I wished, once, for a time machine. I was instead gifted with the present. . .and no return receipt.

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Like a lot of writers – hell, like a lot of people – I spend a good amount of time in my head, wading through thoughts and worries and ideas and concerns. I imagine a smaller, miniature, version of me in fishing waders with a fly rod trying to catch hold of the things slipping by.

Start with typical.Stand in front of your kitchen cupboards wondering what you’re going to make for dinner.Something quick and healthy and delicious and still quicker to clean up.Haul out the same pots and pans you just washed from lunch.Get the food into small, yammering mouths through concerted negotiations or last-ditch ultimatums, then remind three times about both the importance of brushing teeth and not unrolling the toilet paper.Then shuffle the little bodies now emitting their last crescendo of energy into bed where you read a book and sing a song and answer correctly a question about what you will do to save everyone if a volcano full of sharks erupts in the middle of the night and then kiss goodnight.The lights-out silence that follows reverberates against the walls with such a contrast to the uproar of the day that you’re left too disoriented to clean the kitchen or speak in complete sentences.Wake up the next morning much earlier than you thought possible and immediately throw together a breakfast and dress everyone and comb hair in a way that must be as painful as a Civil War hospital amputation because of the wails that accompany each stroke, and then speed up to get the shoes and coats on in time to reach the school entrance before the final bell, after realizing you didn’t match the socks with the top and never combed your own hair which might explain some of the looks from the teacher’s assistants at the door.But it doesn’t matter now because you’ve got a day of folding the socks (the ones that do match) into neat piles ahead of you and now it looks like mildew is growing in the shower which you’ll need to be on your knees scrubbing before it’s time to get the littlest one, who has developed a cough in the two hours since you last saw her that you should probably make a doctor’s appointment for just to be on the safe side.Before that though, it’s lunchtime where you’ll be back to the cupboards pondering the exact same question you didn’t have a good answer to yesterday.The only thing you can say, to yourself and your starving children, is “be patient.”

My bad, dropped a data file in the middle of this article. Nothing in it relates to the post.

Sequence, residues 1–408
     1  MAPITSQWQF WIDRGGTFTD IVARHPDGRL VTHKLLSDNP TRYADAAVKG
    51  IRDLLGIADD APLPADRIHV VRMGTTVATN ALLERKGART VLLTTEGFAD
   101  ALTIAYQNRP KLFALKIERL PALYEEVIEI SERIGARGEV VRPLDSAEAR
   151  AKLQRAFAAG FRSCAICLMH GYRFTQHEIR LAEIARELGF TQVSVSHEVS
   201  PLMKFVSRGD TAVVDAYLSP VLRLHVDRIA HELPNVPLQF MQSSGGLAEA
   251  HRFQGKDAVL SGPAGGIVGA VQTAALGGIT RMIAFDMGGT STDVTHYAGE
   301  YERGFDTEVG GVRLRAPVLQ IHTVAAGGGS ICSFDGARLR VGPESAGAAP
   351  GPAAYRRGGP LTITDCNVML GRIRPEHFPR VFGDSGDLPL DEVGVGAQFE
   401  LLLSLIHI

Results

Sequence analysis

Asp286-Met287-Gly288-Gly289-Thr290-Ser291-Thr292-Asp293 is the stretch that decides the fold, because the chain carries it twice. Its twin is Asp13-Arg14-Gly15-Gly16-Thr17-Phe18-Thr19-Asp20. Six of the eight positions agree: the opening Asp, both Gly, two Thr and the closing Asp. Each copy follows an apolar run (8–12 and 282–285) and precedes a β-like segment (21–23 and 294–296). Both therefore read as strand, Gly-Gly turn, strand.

Haunting Bombay is a…?

Literary ghost story.  It is also a mystery and a love story.  Some call it historical fiction.  It’s set in 1960s India.

TO DO:

HOME:

  • Dishes
  • Vacuum
  • Scoop litter
  • Make bed
  • Laundry
  • Repaint bedroom, or at least paint an accent wall – maybe a mural?
  • Install shelves
  • Chuck that IKEA-looking piece of shit and find a real dresser